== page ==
bristlecone fir Pinaceae Abies
bracteata (D. Don) D. Don ex Poit.
|Leaf: Flattened needles, stiff, dark green above (no bloom); and silvery-white below (2 bands of bloom), 1 to 2 1/2 inches long and sharp-pointed, either 2-ranked or spirally arranged, very much resembling bigcone Douglas-fir.
Flower: Species is monoecious; male cones yellowish and borne beneath the leaves; female cones erect and purple-brown, covered by long, pointed bracts, and borne near the top of the crown.
Fruit: Very distinct, 2-4 inches long, ovoid, with bracts that extend up to 2 inches beyond the end of the scale, giving the cone a bottle brush appearance, borne upright and disintegrating at maturity.
Twig: Slender with long, sharp-pointed, non-resinous bud scales.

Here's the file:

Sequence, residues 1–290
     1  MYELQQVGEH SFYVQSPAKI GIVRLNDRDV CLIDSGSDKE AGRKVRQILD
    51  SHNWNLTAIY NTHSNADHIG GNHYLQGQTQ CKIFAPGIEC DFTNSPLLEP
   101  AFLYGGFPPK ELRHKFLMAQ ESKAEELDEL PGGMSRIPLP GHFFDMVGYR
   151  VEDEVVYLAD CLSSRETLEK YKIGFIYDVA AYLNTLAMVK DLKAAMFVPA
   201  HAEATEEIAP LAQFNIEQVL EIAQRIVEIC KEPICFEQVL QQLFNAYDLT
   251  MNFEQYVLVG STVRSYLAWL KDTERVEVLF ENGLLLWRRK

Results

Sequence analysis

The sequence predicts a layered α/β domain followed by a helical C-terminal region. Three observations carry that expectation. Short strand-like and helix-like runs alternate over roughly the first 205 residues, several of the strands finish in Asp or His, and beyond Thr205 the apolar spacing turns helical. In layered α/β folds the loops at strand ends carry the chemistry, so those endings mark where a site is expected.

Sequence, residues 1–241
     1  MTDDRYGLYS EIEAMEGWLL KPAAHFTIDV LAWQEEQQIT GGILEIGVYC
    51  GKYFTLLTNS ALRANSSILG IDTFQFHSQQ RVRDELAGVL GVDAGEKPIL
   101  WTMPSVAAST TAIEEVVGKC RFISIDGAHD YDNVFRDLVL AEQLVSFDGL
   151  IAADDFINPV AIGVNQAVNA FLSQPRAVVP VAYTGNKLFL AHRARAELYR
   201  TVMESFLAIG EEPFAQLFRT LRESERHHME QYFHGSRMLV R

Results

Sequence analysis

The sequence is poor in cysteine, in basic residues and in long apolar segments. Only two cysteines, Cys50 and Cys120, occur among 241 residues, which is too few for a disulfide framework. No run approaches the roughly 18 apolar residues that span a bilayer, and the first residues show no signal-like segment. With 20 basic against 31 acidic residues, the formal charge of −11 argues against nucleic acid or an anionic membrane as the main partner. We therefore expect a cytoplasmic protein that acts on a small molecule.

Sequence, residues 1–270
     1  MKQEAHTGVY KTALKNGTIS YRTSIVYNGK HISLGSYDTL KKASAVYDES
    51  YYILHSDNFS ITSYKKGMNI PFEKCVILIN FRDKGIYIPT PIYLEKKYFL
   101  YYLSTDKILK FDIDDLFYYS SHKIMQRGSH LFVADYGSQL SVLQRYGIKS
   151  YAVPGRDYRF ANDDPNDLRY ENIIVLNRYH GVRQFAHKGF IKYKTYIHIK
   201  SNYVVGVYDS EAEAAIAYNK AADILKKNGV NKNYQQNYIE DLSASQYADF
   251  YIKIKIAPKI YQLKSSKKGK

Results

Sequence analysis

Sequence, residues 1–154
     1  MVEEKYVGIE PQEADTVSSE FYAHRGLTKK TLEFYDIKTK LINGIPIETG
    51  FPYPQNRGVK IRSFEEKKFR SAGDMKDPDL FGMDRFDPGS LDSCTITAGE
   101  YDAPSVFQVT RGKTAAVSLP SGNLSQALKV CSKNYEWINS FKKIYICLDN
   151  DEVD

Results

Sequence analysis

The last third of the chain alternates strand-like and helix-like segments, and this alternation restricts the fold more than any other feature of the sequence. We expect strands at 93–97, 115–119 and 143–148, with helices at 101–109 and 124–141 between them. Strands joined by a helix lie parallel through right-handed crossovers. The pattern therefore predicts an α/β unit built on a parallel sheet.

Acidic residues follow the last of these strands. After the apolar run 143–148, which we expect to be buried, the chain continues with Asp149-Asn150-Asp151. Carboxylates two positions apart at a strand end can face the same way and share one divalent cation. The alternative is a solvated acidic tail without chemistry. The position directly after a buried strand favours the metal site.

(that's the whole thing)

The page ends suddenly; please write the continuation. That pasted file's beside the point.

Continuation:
Bark: Red-brown to gray and smooth, eventually becoming scaly or somewhat ridged and furrowed.
Form: Bristlecone fir is a small to medium size tree with a narrow, spire-like crown.
Looks like: Douglas-fir
- grand fir
- California nutmeg
| Additional Range Information:
Abies bracteata is native to North America.
Range may be expanded by planting.
See states reporting bristlecone fir.
| External Links:
USDA Plants Database
|© Copyright 2016, Virginia Tech|
Dept. of Forest Resources
and Environmental Conservation,
all rights reserved.
Photos and text by: John Seiler,
Edward Jensen, Alex Niemiera,
and John Peterson